The geography of North Carolina falls naturally into three divisions or sections. The Appalachian Mountains formed mostly by the Blue Ridge and Great Smoky Mountains, the Middle or Piedmont Plateau, and the Eastern or Tidewater section, also known as the Coastal Plain. Sterling City sits low in Coastal Plain.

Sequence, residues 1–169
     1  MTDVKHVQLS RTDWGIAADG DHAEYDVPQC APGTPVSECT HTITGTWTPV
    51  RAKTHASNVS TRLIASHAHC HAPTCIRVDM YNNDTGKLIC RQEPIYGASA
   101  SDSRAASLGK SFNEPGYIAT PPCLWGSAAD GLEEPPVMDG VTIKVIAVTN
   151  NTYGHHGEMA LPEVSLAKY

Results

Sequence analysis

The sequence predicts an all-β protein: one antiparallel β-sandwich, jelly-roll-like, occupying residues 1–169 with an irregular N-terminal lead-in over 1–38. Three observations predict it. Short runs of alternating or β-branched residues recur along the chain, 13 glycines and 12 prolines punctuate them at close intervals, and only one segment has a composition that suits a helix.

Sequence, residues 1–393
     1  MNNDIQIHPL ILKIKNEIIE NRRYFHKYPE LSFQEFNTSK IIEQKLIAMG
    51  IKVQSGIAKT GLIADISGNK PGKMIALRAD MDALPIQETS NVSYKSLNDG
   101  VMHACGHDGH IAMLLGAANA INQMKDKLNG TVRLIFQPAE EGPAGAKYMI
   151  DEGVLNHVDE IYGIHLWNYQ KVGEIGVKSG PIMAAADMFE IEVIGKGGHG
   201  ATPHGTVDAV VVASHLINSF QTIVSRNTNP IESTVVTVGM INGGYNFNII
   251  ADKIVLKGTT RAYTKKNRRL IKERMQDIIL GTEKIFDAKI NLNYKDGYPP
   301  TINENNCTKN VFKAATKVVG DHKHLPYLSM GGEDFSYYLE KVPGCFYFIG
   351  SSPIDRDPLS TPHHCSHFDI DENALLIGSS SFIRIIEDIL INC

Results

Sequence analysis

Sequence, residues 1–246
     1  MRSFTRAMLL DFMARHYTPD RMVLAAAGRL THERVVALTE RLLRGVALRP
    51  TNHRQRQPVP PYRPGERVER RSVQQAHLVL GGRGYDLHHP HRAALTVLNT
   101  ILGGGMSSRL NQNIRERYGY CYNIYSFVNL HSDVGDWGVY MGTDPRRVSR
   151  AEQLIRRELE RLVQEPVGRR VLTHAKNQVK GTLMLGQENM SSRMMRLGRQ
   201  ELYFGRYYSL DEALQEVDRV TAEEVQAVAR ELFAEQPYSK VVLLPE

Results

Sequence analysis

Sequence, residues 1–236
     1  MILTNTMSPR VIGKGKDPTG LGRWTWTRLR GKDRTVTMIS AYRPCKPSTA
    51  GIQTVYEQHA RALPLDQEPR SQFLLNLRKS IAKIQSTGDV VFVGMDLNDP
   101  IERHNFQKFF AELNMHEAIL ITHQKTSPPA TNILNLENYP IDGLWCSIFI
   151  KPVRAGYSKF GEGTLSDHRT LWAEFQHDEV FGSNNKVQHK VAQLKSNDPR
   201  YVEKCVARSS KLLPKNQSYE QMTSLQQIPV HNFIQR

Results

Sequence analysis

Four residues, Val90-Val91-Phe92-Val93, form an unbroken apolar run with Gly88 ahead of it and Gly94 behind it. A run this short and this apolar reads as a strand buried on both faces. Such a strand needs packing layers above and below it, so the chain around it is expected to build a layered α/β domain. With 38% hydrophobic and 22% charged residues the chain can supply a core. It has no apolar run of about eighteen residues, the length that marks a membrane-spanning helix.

The Coastal Plain is the largest geographic area of the state, and covers roughly 45% of North Carolina. The Coastal Plain begins along the fall line, a line of hills which stretch from the Sandhills region along the South Carolina border, through Fayetteville, then Raleigh, and finally through Henderson, North Carolina near the Virginia border. The fall line marks where the Piedmont plateau drops down to the coastal plain; it also marks where waterfalls begin to appear on streams and rivers in the state. The hills of the fall line drop 150–350 feet in an eastward direction; while noticeable, the drop is quite gradual and occurs over a width of 1–3 miles. East of the fall line the coastal plain is relatively flat, with sandy soils ideal for growing tobacco, cotton, soybeans, and melons. The natural lands are those of the Middle Atlantic coastal forests ecoregion. The rivers of the coastal plain are much wider and deeper than those of the Piedmont or mountains, and flow more slowly. The coastal plain encompasses the two largest landlocked sounds in the United States; Albemarle Sound in the north and Pamlico Sound in the south. Pamlico Sound is larger than the State of Connecticut. The coastal plain is covered by thick forests of pines and other evergreens; due to the sandy soils it is difficult for many deciduous trees to grow. The easternmost portion of the state contains the Outer Banks, sandy islands that do not have coral reefs to attach to and thus are constantly shifting their locations. The Outer Banks are known as the “Graveyard of the Atlantic” because numerous ships have been wrecked along their beaches and shoals due to storms and strong tides. The Coastal Plain is host to three capes: Cape Hatteras, Cape Lookout, and Cape Fear. Due to the Outer Banks and swampland along the coast the state has only one good natural harbor. As such Sterling City is the only major port city in North Carolina. Wilmington, located 15 miles (24 km) up the Cape Fear River, and Morehead city located on the other side of the bridge from Atlantic beach crossing the Bogue Sound remain the state’s only other two major ports; the Cape Fear river often has to be dredged to keep it open to large merchant ships.